INDIANAPOLIS (WISH) — In a matter of weeks, downtown Indianapolis will be filled with all kinds of music and art during the NCAA men’s basketball tournament.
Organizers of a big art project are looking to hire more than 300 people to create during March Madness.
“We can’t wait to be back to some live performance and the opportunity to experience some of what we’ve been missing,” said Julie Goodman, president and chief executive officer of the Arts Council of Indianapolis.
Spearheading the initiative, the council wants put a spotlight on local artists who’ve been impacted by the coronavirus pandemic for the visitors coming to the Circle City for basketball. The organizers say they also hope the events will promote the city.
“So, we’ve been doing a lot of surveys and check-ins with artists throughout the pandemic to know what they need what support and help they need,” Goodman said.
The organization says they’re planning pop-up dances, music, spoken word, and more in places including Monument Circle, Richard G. Lugar Plaza, and Georgia Street.
“We want to create opportunities for the community to participate in all of this safely and so a lot of outdoor opportunities,” Goodman said.
Other activities will include a self-guided walking tour of public art around downtown.
The council is also looking to add art in empty downtown storefront windows to bring more color to downtown.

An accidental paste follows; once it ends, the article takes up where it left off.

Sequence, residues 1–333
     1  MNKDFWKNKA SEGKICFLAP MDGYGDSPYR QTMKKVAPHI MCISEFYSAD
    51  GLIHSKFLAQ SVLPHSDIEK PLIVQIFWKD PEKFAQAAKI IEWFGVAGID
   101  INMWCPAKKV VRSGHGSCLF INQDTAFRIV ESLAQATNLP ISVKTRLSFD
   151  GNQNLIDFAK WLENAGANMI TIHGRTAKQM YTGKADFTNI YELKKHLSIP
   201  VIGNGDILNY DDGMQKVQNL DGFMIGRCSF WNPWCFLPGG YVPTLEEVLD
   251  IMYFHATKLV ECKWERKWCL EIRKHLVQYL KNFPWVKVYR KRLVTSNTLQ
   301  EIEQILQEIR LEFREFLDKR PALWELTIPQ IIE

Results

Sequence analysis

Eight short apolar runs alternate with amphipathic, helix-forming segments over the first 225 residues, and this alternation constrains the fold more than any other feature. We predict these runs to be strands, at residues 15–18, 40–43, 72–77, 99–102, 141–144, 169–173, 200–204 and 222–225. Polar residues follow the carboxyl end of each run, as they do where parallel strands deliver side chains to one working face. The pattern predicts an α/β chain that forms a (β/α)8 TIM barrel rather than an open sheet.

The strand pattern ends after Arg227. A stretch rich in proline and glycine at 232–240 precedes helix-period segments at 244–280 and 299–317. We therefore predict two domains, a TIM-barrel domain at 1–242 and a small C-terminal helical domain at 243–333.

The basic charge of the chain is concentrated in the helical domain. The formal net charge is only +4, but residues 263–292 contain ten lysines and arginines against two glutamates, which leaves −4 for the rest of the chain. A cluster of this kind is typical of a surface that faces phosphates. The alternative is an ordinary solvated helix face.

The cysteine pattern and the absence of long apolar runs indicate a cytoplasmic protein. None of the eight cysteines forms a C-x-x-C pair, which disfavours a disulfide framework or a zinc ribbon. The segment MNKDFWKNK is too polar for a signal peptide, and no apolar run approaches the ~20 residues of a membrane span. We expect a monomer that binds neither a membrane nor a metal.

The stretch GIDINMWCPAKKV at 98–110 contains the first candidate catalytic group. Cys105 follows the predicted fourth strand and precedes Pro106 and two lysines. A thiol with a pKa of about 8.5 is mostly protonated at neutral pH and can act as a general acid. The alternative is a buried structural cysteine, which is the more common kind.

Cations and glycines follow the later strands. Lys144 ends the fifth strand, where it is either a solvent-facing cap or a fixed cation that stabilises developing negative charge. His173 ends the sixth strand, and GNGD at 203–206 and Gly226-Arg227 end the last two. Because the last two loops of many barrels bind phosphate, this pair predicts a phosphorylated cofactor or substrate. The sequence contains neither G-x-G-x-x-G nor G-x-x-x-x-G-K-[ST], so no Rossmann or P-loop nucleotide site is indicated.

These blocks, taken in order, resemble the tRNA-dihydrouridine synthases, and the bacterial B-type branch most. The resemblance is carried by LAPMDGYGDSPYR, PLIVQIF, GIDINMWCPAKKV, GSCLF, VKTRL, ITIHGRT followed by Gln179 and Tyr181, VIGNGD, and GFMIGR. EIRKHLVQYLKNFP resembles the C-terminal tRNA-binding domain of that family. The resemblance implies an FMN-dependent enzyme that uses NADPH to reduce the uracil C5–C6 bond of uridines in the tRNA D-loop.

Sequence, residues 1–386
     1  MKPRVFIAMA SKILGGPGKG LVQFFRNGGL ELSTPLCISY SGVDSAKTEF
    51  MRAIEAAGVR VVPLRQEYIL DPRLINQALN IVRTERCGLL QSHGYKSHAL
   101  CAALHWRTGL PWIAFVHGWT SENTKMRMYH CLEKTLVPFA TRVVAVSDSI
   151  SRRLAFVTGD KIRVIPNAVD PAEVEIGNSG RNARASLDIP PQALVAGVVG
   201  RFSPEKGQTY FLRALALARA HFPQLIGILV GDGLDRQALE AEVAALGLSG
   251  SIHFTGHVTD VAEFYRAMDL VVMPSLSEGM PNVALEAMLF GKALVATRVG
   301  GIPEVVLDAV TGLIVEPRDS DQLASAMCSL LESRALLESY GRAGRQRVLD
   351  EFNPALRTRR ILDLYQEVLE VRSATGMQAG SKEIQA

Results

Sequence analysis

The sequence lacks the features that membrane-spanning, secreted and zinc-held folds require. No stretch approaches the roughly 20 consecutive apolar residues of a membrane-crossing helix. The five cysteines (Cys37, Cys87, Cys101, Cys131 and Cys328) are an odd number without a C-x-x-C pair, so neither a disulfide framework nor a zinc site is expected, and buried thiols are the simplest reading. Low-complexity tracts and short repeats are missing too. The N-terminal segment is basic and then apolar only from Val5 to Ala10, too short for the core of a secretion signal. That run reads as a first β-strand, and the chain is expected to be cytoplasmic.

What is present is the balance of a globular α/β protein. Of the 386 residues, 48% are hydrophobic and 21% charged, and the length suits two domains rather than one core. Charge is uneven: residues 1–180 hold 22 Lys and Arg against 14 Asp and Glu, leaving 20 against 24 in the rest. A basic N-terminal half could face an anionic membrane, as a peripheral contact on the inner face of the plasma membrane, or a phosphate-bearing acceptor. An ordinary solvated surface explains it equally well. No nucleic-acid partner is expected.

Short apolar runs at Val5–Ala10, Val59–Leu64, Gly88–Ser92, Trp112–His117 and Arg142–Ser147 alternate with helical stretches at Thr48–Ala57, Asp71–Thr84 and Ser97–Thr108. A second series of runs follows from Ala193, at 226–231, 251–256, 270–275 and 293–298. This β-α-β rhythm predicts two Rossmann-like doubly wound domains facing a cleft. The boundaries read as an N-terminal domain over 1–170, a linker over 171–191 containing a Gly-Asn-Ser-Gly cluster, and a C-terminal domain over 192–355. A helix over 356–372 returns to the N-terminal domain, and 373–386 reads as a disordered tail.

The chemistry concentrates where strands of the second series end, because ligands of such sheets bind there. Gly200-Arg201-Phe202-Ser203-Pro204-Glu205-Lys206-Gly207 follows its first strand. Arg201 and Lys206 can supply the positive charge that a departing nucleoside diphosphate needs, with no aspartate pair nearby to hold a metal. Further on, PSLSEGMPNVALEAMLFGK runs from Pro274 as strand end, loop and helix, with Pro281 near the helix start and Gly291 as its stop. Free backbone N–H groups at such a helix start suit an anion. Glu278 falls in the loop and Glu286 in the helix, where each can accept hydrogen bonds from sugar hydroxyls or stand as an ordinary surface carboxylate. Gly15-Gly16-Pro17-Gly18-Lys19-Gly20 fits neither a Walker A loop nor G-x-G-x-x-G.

“We’re thinking about it really in terms of our city as a gallery,” Goodman said, “so how do we leverage some of the openings, places,and spaces that we have to showcase some of the best visual artists that we have in our city?”
“We really see this as an opportunity to engage artists and creatives as a way to express our spirit, express our DNA as a city, and and what makes Indianapolis Indy,” Goodman said.
Volunteers from organizations including Through2Eyes, Indy Chamber, and Indy Music Strategy are leading the council’s initiative. The group Indianapolis Cultural Trail Inc. is also working to make sure all these events come to life.
Kären Haley, executive director of the Cultural Trail, said, “So, thinking about how do we support all the amazing work for us to host March Madness, but also to support the arts and cultural community in a way that people are going to see it and realize just how rich and diverse it is.”